by Ed Moisson.
Despite a lackluster earnings season that generally showed unimpressive revenue growth, many U.S. stocks hit new 52-week highs during May and the S&P 500 posted its seventh consecutive month of plus-side returns—up 2.08%. At the beginning of the month investors celebrated a better-than-expected April jobs report, which showed U.S. nonfarm payrolls increased 165,000 and the unemployment rate fell to 7.5%. However, prospects of the Federal Reserve beginning to reduce its bond-buying stimulus rattled market constituents. Late in the month investors began showing a little rally fatigue after Fed Chairman Ben Bernanke told Congress the central bank could start reducing its bond-buying program over the next several months and after some pundits began questioning the staying power of Japan’s “Abenomics.”
Undeterred by the selloff in equities toward month-end, investors continued their month-long trend of pushing Treasury prices lower on concerns the Fed will slow the pace of its bond purchases, which sent benchmark ten-year Treasury yields to their highest close since April 5, 2012. After hitting a closing low of 1.66% early in the month, Treasury yields generally rose, ending the month up a whopping 46 basis points (bps) at 2.16%.
For the eleventh consecutive month investors were net purchasers of fund assets, injecting a net $63.9 billion into the conventional funds business (excluding exchange-traded funds [ETFs]). Mutual fund investors continued to pad the coffers of bond funds (but only to the tune of $0.7 billion, their smallest monthly net inflow since August 2011). Stock and mixed-asset funds gained $33.4 billion, for a fifth consecutive month of strong net inflows, while for the first month in five investors injected money into money market funds—some $29.8 billion.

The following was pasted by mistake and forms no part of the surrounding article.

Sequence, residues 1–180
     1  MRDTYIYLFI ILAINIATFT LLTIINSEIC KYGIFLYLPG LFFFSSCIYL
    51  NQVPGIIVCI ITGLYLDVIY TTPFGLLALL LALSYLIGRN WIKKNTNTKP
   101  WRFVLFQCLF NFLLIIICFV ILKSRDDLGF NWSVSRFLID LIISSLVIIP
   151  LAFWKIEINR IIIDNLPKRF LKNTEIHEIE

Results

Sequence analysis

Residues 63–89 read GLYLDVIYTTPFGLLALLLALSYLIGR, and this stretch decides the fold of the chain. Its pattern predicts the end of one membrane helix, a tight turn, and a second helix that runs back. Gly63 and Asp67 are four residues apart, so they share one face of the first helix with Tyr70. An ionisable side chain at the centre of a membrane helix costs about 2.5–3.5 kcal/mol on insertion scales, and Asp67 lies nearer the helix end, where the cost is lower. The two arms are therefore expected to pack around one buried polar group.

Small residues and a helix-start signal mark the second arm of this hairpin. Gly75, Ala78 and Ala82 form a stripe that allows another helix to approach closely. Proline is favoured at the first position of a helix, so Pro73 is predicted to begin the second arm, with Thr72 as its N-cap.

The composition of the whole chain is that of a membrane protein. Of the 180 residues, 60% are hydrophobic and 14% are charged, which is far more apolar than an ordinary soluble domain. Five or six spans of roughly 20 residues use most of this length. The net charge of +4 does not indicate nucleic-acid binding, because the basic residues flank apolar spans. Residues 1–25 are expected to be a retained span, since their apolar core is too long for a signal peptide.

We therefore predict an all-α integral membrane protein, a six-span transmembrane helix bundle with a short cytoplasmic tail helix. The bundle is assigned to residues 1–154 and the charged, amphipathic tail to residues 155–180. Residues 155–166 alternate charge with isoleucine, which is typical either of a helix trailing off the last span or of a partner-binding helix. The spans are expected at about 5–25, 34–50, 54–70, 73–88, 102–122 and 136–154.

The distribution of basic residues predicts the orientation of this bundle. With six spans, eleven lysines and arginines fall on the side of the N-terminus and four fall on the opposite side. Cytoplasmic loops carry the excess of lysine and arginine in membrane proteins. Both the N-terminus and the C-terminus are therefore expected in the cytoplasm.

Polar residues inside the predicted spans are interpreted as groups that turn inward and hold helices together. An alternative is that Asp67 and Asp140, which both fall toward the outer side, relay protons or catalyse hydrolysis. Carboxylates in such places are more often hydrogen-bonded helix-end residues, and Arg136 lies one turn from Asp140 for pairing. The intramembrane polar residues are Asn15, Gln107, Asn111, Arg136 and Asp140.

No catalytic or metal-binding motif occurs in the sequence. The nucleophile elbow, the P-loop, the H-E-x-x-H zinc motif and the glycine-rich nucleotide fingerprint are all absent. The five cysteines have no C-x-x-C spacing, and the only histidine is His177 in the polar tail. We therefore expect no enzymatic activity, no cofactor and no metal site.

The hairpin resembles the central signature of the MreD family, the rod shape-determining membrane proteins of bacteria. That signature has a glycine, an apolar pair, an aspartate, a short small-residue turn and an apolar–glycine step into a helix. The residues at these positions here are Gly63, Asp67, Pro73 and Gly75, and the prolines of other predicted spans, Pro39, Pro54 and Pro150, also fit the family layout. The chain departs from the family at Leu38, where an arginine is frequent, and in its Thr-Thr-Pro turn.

Overall, exchange-traded funds (ETFs) posted their eighteenth consecutive month of net inflows at $19.7 billion—bringing their year-to-date net inflows to $80.3 billion. May was also the second strongest month of ETF inflows in 2013 after the spectacular start in January. Stock and mixed-equity ETFs, with net inflows of $16.1 billion, were the main attractors of new assets. U.S. Diversified Equity (USDE) products continued to lead the charge with net inflows of $9.7 billion. Investors also added $4.7 billion net to world equity funds and added exposure to sector-specific products. As mentioned earlier, concerns over a sudden spike in yields forced investors to review their fixed income holdings. Although overall bond ETF net flows were positive (+$3.7 billion), many investors began to pull cash out of high-yield products in preference for higher quality and shorter durations.
To read our complete May FundFlows Insight Report, please click here.